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Prime Minister Juha Sipilä (Centre) on Monday urged Finland to adopt an active approach to developing a market for carbon sinks in Europe. (Credit: Heikki Saukkomaa – Lehtikuva)
Prime Minister Juha Sipilä (Centre) on Monday urged Finland to adopt an active approach to developing a market for carbon sinks in Europe. (Credit: Heikki Saukkomaa – Lehtikuva)

 

Prime Minister Juha Sipilä (Centre) says Finland should take steps toward establishing a so-called carbon exchange during its upcoming presidency of the European Union.

“We’ll now set our sights properly on setting in motion a carbon exchange for the EU, which would allow us to bring carbon sinks into the equation […] so that Finnish farms and forests can generate additional revenues by functioning as carbon sinks,” he announced after a seminar on climate actions in Helsinki on Monday.

“That way all Finns can, in principle, contribute to increasing carbon sinks. But a real marketplace is needed to accomplish this and that’s what we’ll try to set in motion,” he added.

Sipilä estimated that establishing the exchange would require that carbon sinks are verified and the longevity of carbon reservoirs is guaranteed, which in turn would require accurate information on forest growth and standing timber.

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“We’re already able to measure standing timber tree by tree with laser scanning. That’s why Finland should adopt an active approach to devising a market for carbon sinks. We could move forward in the years to come by launching pilot projects,” he envisioned.

The idea of a carbon exchange was floated also by other participants in the seminar hosted by Sipilä.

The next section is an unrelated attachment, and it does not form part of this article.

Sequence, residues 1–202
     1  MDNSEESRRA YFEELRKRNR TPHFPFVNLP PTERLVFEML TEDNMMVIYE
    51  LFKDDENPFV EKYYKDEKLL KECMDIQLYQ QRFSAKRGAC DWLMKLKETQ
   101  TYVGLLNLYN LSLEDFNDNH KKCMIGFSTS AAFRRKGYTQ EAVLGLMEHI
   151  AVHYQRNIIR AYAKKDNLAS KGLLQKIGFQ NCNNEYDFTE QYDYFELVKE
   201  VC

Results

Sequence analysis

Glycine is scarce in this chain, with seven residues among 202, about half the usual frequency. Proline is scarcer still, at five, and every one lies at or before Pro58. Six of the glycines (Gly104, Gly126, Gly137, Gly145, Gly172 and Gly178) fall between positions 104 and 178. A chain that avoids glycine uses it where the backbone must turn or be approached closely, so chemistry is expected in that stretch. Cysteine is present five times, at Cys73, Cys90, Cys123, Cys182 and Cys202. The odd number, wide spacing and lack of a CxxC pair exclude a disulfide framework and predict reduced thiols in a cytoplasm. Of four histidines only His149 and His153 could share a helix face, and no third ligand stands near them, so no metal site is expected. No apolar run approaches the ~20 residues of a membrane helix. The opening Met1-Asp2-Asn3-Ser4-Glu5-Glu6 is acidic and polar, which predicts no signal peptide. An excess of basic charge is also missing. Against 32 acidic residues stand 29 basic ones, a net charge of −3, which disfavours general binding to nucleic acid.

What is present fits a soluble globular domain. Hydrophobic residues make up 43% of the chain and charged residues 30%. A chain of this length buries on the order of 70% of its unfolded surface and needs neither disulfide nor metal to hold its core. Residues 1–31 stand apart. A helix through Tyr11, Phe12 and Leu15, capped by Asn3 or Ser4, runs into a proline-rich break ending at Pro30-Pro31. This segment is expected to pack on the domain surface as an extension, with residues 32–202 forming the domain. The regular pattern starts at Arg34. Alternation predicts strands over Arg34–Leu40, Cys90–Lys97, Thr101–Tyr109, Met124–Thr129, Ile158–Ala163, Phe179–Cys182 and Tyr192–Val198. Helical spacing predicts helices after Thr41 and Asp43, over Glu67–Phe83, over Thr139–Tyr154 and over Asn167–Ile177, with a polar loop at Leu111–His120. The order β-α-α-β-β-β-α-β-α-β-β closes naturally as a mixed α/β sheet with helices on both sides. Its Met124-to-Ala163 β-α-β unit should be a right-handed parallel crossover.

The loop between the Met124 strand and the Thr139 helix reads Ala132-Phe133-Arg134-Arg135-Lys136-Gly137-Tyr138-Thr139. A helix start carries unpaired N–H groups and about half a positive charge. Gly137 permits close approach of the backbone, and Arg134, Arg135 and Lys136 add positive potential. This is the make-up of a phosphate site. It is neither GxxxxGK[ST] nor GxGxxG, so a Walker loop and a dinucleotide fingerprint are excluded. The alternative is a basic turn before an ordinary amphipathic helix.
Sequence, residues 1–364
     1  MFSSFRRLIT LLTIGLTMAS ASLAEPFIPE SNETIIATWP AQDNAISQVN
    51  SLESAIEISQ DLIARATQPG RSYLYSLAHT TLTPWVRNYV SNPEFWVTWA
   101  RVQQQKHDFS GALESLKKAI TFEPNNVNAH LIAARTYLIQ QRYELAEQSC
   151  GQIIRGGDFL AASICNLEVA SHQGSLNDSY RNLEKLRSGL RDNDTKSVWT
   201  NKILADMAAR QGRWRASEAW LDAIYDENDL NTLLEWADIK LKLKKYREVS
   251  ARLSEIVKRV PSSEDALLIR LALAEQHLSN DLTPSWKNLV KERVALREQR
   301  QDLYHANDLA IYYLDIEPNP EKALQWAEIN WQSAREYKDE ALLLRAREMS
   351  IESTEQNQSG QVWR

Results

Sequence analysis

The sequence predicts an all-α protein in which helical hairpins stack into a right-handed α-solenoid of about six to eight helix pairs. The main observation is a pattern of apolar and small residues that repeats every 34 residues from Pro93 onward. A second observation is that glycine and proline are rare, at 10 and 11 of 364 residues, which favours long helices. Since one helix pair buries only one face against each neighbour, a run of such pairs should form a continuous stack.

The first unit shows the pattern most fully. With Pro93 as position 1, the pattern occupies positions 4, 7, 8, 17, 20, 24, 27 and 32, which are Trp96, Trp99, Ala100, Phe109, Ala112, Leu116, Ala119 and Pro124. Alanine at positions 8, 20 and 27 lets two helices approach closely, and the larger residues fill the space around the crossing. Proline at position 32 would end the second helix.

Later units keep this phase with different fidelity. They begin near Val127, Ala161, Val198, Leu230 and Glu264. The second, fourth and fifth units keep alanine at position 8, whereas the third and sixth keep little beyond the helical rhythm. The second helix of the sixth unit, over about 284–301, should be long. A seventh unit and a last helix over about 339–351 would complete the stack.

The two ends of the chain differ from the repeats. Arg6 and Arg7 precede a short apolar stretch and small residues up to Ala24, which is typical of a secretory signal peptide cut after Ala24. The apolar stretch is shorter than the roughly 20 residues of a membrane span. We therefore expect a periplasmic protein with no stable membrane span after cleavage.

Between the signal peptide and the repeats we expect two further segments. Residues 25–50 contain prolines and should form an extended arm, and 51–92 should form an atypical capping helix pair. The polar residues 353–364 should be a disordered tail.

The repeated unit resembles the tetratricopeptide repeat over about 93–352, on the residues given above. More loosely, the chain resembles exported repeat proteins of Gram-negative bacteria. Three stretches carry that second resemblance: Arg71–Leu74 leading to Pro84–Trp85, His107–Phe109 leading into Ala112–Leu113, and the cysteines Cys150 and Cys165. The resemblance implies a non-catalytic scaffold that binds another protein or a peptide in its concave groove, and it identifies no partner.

Mika Anttonen, the founder and board chairperson at St1, explained that the exchange would serve as a marketplace for carbon dioxide emitted to and removed from the atmosphere by essentially imposing charges on those producing emissions and re-distributing the funds among those providing solutions to remove carbon dioxide.

By establishing the exchange, he added, Europe could set a responsible example for the rest of the world and seize the “billion-euro opportunity” arising from commercialising the carbon market.

Sipilä also estimated that countries must make progress on three fronts in order to successfully combat climate change: they must reduce consumption that produces carbon dioxide emissions, increase their natural and artificial carbon sinks, and adopt new technologies to absorb carbon dioxide from the atmosphere.

The seminar drew almost 170 people from different sectors of the society to discuss concrete actions to combat climate change. Sipilä revealed that the participants intend to re-convene in a month or two to develop their ideas further.

Aleksi Teivainen – HT
Source: Uusi Suomi